• Nathaniel Hawthorne's Tales, A Norton Critical Edition
  • The Ancient Murrelet
  • Fannie + Freddie, The Sentimentality of Post-9/11 Pornography
  • Girls I Know
  • American Night: The Literary Left in the Era of the Cold War
  • The Story Within Us: Women Prisoners Reflect on Reading
  • Six Months
  • Comparative Early Modernities: 1100-1800
  • Greenhouses, Lighthouses
  • The Cambridge History of the English Novel
  • How to Be Gay
  • The Selvage: Poems
  • Lierature: Craft and Voice (2nd Edition)
  • The Theatre: A Concise History
  • Trauma and Documentary Photography of the FSA
  • Secession
  • The Cambridge Companion to Nineteenth-Century American Poetry
  • Knowing Books: The Consciousness of Mediation in Eighteenth-Century Britain
  • Breaking and Entering
  • LA VIE DESCRIPTIBLE DE MICHEL FOUCAULT
  • Imagining the Forest Narratives of Michigan and the Upper Midwest
  • Ghost Writers: Us Haunting Them, Contemporary Michigan Literature
  • Marginalia for a Natural History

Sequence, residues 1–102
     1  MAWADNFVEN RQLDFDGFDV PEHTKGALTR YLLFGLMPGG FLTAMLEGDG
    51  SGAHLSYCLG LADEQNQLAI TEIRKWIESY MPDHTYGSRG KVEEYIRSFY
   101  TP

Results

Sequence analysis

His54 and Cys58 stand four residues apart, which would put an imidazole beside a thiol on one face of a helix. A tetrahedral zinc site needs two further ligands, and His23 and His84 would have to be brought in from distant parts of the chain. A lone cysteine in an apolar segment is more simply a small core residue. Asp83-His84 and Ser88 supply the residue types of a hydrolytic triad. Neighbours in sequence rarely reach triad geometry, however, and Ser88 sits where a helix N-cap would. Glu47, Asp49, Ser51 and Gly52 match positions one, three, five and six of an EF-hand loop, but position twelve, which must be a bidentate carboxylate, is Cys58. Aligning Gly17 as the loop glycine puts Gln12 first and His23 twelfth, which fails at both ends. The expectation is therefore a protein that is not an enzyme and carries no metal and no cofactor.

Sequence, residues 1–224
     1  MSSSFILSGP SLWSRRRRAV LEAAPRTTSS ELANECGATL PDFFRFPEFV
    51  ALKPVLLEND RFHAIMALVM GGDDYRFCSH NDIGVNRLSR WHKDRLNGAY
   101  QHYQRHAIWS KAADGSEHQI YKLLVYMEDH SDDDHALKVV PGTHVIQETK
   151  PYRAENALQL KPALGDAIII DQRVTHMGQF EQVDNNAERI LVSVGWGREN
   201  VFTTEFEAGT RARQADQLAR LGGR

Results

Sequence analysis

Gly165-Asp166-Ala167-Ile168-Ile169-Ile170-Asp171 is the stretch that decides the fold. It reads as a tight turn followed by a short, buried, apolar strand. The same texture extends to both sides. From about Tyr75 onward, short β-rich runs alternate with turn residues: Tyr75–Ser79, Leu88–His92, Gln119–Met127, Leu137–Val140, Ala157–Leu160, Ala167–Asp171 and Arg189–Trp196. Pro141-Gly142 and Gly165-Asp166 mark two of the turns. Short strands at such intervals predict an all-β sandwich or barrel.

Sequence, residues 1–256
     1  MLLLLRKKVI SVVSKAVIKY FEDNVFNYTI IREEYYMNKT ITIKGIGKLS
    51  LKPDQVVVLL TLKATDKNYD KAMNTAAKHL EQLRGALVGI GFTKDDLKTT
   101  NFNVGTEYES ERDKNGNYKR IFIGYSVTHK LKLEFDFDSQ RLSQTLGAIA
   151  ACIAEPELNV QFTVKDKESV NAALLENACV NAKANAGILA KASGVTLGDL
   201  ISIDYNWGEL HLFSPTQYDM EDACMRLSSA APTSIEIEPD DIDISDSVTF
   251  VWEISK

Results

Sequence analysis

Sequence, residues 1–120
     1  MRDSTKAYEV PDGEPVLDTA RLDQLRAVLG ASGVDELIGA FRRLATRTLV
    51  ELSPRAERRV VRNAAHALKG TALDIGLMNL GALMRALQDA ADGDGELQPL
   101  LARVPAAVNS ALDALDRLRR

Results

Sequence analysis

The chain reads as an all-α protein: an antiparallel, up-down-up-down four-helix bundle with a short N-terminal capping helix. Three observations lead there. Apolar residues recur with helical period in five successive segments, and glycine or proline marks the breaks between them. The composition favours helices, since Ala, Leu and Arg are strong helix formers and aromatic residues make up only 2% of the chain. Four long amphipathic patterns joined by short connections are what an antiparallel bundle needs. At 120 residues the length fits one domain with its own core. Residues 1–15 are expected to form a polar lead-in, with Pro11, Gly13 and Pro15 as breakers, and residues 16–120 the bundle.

• Contours of English & English Language Studies (Tribute to Richard W. Bailey:)
  • First Day to Final Grade, Second Edition: A Graduate Student's Guide to Teaching
  • How English Works: A Linguistic Introduction (3rd Edition)
  • Ghost Writers: Us Haunting Them, Contemporary Michigan Literature
  • Sherbrookes
  • Somatic Engagement
  • The Olimpias Disability Culture Projects: Embodied Poetics
  • Disability Culture and Community Performance: Find a Strange and Twisted Shape
  • Ten Ways of Thinking About Samuel Beckett: The Falsetto of Reason (Diaries, Letters and Essays)
  • The Raising
  • Space, in Chains
  • W.B. Yeats, The Windind Stair and Other Poems
  • Visions of Mars: Essays on the Red Planet in Fiction and Science
  • Empires of God: Religious Encounters in the Early Modern Atlantic
  • The Colors of Zion: Blacks, Jews, and Irish from 1845 to 1945
  • Que Veulent les Gays? Essai sur le Sexe, le Risque et la Subjectivité
  • Lastingness: The Art of Old Age
  • Percival's Planet
  • Taking Initiative on Writing: A Guide for Instructional Leaders
  • The Chinese Taste in Eighteenth-Century England
  • X-Marks: Native Signatures of Assent
  • Gender and Power in Medieval Exegesis
  • Arthur Miller: Death of a Salesman
  • The Cambridge Introduction to Shakespeare's Poetry
  • Eden Springs
  • Reading Autobiography: A Guide for Interpreting Life Narratives (2nd Edition)
  • Thinking about Other People in Nineteenth-Century British Writing
  • Dakota, Or What’s a Heaven For
  • Tocqueville
  • Burying Don Imus:  Anatomy of a Scapegoat
  • Disability Aesthetics
  • Is William Martinez Not Our Brother? Twenty Years of the Prison Creative Arts Project
  • The Taming of the Shrew
  • Reading Is My Window: Books and the Art of Reading in Women’s Prisons